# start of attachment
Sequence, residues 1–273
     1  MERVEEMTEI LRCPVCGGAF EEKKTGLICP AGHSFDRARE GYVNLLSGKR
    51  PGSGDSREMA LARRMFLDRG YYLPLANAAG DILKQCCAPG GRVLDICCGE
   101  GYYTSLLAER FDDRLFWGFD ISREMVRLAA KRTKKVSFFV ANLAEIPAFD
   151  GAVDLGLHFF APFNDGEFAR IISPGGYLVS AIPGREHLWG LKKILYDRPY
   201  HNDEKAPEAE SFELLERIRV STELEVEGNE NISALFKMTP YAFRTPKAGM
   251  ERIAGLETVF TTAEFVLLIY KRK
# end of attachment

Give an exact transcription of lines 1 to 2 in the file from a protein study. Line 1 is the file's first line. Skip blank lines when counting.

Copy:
Sequence, residues 1–273
     1  MERVEEMTEI LRCPVCGGAF EEKKTGLICP AGHSFDRARE GYVNLLSGKR